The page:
The good news is that database vendors and other companies supporting tools such as Oracle and DB2 are developing novel solutions to make databases more agile. Test environments can now use data that is continuously masked from production data, and vendors are innovating with various approaches to block storage to make it easier to track database changes and perform rollbacks instantly.
Follow Old Advice: Divide and Conquer
Anyone in charge of an IT budget understands that you have to choose your battles wisely. If we wanted to upgrade every system in the department at once it would be easier if we also had an infinite budget and the ability to hire resources at the snap of a finger. Needless to say, this isn't how most organizations work. In reality, our resources are constrained, and, forget about the budget, the limited resource is often people. It's tough to hire good enterprise release managers, and once you hire a good ERM it takes months (or years) for them to get enough experience to truly manage across your enterprise.
You are not going to move your entire enterprise to a continuous delivery cadence in a year. You are going to move your enterprise to a more continuous delivery cadence over a number of years, and you should create a multi-year plan to do this in phases. In the first stage select the most difficult component (often your relational databases) along with the easiest component (one of your newer web applications.) Focus your efforts on creating a model for other teams to follow once you've successfully moved to a continuous release cadence, and use these initial projects as a chance to experiment with what works and what doesn't.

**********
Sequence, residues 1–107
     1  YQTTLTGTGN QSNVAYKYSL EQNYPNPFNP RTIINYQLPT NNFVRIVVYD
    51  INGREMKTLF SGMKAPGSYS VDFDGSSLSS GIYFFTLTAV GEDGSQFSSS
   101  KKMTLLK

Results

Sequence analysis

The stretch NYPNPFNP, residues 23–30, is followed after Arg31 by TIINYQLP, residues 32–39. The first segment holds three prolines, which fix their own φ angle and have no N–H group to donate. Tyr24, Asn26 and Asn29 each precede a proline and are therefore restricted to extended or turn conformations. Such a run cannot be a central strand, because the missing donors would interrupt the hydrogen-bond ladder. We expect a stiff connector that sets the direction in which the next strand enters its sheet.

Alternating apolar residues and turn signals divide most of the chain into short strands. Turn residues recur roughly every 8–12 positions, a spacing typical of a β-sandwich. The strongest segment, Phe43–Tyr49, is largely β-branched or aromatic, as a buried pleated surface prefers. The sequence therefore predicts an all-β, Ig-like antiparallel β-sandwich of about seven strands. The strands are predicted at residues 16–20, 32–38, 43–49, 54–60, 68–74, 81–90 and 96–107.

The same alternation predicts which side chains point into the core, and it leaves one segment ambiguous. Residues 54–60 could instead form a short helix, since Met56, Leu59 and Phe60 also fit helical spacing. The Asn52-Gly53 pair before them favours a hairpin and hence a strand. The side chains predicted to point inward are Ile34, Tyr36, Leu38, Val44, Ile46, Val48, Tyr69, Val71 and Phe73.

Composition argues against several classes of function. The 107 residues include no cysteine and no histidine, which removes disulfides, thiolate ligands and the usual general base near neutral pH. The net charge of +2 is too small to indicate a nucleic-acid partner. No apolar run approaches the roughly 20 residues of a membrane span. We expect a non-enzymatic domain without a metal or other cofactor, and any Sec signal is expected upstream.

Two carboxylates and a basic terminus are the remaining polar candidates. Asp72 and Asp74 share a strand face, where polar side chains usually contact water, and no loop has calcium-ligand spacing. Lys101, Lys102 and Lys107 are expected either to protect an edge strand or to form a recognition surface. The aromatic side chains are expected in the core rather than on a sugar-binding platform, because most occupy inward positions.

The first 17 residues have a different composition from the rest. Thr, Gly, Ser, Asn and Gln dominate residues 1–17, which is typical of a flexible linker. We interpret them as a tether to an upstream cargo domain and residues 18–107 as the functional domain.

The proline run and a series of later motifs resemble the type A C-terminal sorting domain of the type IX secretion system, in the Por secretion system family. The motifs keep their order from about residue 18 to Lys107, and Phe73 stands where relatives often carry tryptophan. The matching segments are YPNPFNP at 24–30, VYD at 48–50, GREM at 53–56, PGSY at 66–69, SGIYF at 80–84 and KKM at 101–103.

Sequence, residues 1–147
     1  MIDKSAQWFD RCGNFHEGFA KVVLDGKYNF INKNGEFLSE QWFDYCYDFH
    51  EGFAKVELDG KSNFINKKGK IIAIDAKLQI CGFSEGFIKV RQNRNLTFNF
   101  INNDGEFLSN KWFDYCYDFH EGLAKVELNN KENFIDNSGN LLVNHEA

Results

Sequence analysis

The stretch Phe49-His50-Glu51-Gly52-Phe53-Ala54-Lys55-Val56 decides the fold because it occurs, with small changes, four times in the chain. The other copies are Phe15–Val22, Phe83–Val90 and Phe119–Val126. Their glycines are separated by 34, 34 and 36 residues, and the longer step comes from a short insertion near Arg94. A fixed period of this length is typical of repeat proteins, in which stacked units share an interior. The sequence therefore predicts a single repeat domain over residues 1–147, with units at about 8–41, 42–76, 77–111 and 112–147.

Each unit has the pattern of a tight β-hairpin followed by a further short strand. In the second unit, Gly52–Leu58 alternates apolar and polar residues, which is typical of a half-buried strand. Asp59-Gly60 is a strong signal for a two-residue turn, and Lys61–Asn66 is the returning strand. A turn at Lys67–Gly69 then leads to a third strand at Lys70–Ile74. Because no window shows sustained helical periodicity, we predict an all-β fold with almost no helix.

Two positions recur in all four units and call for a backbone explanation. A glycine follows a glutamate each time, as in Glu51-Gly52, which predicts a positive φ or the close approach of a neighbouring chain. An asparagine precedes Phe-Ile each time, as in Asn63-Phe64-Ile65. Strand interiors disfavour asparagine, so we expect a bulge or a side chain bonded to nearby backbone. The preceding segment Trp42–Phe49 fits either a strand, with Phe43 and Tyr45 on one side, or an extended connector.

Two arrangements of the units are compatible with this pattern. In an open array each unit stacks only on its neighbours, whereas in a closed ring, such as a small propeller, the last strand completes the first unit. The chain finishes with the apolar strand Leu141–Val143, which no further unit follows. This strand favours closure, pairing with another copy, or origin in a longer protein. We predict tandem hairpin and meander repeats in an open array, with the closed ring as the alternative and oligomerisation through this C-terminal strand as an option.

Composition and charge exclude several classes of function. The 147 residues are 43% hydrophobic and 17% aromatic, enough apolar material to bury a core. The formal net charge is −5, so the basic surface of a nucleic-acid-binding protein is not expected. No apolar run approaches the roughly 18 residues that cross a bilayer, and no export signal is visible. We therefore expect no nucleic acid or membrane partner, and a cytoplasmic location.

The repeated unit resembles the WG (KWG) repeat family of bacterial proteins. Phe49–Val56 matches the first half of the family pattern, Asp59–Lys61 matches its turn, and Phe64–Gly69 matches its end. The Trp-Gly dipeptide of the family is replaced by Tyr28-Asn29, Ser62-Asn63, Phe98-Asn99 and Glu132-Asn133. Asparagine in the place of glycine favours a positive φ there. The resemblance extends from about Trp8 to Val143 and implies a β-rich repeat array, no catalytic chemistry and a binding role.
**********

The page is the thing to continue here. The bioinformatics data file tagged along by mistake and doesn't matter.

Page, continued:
Don't Fight Uphill: Better Yet, Don't Fight at All
When you are acting as a change-agent in the enterprise it will be tempting to talk about continuous delivery as a "revolution." This is an easy trap to fall in because technology is in an almost constant state of reinvention. At almost every large company the pattern is the same: every few years the "old" platform is being replaced by a "new" platform. In the process of selling a rewrite the organization may have brought in new management or gone through a reorg in an effort to get it right.
The secret of almost every large IT organization is that the people maintaining those legacy databases, they occupy the "high ground," and they've seen your rewrite before. The technical experts in charge of your company's critical Oracle databases have heard the arguments for moving faster several times over several years, and they are more than willing to help... but not if you keep on talking about them as being "old and antiquated."
Don't frame your movement toward continuous delivery as a "revolution" aimed at "fixing bad, legacy practices." In fact, don't use the word "legacy" at all. When you use that term you immediately tell the bulk of your IT department that what they are working on is worthless, and you'll be fighting an uphill battle against people determined to prove you wrong.
Future: The Right Tools, The Right Approach
This future of rapid software delivery supported by pervasive automation is a goal we'll achieve in the next decade, but getting there is going to require a lot of organization and planning. To support your transition to continuous delivery, you should use a tool like Plutora to manage projects as you move to continuous delivery while taking your legacy software systems along for the ride.